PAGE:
Steve Wozniak, co-founder of Apple, joins us to talk about the future of technology. Credit: HighEdWeb / Flickr Creative Commons
In the beginning, there were two guys who invented the personal computer: Steve Jobs and Steve Wozniak. Jobs was the genius marketer, Wozniak the genius programmer. Thirty years after the first Macintosh appeared, we caught up with Steve Wozniak to talk about what’s exciting him – and scaring him – about the world of technology.
First, the frightening part: the transformation of the Internet from a bastion of freedom of speech and association to a more institutionalized and commercialized entity. “The Internet seemed to be the most beautiful thing ever in the history of mankind," Wozniak says, "It made us so free, it was like a new planet of people.”
But in an age when the Internet has become more omnipresent and, of course, more profitable, that has changed. “Now the Internet, because it’s electronic, is very easy to use in ways that actually end up controlling us more. I’m very worried about that, because there’s no way to turn it back,” he says.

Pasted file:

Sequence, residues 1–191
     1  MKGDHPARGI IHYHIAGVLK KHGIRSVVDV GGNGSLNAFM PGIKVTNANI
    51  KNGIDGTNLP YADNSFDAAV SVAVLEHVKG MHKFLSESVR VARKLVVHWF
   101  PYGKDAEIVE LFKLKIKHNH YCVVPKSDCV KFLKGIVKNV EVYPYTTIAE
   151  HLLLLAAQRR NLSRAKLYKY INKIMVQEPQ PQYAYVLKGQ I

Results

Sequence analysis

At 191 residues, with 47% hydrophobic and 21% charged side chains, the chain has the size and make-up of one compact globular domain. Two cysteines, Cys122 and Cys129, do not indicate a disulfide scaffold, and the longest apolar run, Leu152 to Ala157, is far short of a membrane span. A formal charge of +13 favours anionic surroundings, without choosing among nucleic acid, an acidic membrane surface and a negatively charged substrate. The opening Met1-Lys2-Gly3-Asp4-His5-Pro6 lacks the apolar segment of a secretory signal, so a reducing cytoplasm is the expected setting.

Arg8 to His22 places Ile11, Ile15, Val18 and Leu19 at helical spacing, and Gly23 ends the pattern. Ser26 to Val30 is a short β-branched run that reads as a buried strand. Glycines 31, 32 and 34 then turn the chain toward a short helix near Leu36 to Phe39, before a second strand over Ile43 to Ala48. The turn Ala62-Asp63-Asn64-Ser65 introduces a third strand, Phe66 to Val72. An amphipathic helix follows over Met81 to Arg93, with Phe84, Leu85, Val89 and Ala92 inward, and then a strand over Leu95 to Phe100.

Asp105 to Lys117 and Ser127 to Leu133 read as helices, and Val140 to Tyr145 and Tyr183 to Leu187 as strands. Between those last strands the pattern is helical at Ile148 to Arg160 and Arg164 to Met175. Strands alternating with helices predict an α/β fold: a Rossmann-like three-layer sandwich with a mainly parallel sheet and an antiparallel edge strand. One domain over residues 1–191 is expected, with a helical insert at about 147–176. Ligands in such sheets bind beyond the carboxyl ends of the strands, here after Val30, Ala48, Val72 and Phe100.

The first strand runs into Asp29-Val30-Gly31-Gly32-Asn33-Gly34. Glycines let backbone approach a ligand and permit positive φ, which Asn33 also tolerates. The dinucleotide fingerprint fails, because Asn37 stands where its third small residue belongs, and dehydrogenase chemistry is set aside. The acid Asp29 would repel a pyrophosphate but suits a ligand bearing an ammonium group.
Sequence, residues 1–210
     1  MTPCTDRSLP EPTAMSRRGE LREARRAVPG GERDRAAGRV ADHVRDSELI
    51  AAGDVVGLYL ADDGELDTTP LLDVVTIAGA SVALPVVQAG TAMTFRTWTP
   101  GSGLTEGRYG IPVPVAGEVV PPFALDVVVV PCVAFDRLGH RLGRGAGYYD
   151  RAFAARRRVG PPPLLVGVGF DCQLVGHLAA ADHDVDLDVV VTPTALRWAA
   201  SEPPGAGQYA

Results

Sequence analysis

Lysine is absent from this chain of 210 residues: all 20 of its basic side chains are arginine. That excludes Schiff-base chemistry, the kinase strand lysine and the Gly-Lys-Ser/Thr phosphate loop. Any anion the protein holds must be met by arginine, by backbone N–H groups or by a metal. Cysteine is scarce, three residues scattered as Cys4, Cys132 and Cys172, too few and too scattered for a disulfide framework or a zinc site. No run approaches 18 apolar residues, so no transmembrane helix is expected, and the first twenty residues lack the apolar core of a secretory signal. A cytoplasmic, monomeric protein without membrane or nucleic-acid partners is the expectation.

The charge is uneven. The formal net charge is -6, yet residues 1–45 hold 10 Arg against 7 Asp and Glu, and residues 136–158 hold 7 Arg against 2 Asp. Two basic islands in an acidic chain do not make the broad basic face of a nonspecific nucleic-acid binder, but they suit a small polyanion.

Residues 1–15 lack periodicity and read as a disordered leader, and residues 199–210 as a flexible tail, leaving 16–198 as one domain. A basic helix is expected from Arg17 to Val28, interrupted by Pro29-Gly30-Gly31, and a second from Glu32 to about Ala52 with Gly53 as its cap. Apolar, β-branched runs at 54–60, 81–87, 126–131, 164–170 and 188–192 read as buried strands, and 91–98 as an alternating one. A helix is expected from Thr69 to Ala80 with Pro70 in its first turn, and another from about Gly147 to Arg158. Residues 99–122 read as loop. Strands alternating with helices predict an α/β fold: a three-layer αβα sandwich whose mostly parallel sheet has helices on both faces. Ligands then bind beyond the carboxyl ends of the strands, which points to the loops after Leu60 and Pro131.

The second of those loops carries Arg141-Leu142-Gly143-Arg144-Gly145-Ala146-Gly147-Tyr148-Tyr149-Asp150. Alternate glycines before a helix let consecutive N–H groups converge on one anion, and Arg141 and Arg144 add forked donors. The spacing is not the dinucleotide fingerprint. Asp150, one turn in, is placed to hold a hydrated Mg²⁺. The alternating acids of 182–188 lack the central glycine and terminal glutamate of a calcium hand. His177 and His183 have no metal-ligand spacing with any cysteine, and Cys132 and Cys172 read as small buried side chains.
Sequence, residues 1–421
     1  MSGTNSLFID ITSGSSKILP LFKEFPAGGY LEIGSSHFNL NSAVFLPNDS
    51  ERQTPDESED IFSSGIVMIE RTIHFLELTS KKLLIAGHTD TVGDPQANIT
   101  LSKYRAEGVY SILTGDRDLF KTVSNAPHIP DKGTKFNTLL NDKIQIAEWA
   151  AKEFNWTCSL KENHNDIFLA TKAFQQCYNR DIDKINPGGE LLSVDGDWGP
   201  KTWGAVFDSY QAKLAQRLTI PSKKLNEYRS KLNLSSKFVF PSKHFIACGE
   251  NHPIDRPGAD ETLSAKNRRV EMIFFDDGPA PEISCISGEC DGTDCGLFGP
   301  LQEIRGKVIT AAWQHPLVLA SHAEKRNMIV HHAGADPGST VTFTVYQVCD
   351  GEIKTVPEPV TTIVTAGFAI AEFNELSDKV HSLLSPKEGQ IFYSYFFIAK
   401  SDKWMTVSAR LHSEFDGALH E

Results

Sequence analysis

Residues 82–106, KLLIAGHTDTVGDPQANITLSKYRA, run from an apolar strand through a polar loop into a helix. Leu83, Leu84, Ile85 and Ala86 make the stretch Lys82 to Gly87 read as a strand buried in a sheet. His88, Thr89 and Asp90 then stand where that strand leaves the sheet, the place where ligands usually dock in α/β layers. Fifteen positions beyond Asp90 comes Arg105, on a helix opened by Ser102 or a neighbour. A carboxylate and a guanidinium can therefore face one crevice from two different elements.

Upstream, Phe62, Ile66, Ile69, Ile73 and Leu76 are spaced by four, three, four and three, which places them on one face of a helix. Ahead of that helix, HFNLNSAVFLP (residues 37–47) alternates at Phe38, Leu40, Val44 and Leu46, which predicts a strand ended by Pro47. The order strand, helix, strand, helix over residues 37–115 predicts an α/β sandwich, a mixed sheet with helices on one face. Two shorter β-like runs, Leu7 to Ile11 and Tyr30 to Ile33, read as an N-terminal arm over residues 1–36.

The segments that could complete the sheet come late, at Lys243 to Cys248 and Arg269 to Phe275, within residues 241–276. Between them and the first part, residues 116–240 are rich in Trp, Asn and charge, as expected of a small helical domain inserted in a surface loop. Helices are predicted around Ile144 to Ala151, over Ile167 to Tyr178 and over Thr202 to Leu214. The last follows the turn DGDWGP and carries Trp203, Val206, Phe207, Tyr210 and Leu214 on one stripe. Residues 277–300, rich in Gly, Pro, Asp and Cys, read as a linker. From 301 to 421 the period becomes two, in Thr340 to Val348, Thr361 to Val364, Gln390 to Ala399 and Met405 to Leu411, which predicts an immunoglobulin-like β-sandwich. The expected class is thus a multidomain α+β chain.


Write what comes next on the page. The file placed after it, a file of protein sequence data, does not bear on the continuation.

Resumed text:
Which new technologies on the horizon excite him most? Wozniak points to artificial intelligence as the new frontier to watch, especially the ability of machines to understand and respond to natural human speech. The way advances will be made in this field, he hypothesizes, might be entirely accidental. “We never invented the Internet to be a brain. That was not the intent,” he says, noting that now, powerful search engines can essentially perform many brain functions. “We’ll probably stumble on things like real consciousness the same way."
To be fair, however, some of the powerful possibilities of artificial intelligence frighten Steve Wozniak too – especially the prospect that machines will make humans obsolete altogether. “They’ll be doing all the work and we won’t be needed much, “ he says. “Maybe we’ll be treated pretty well, like family dogs, I don’t know. I’m hoping we don’t get there!”
To hear more from Woz – including his take on the eight years he spent teaching and how it shaped his views on reforming education – tune in to our full interview, above.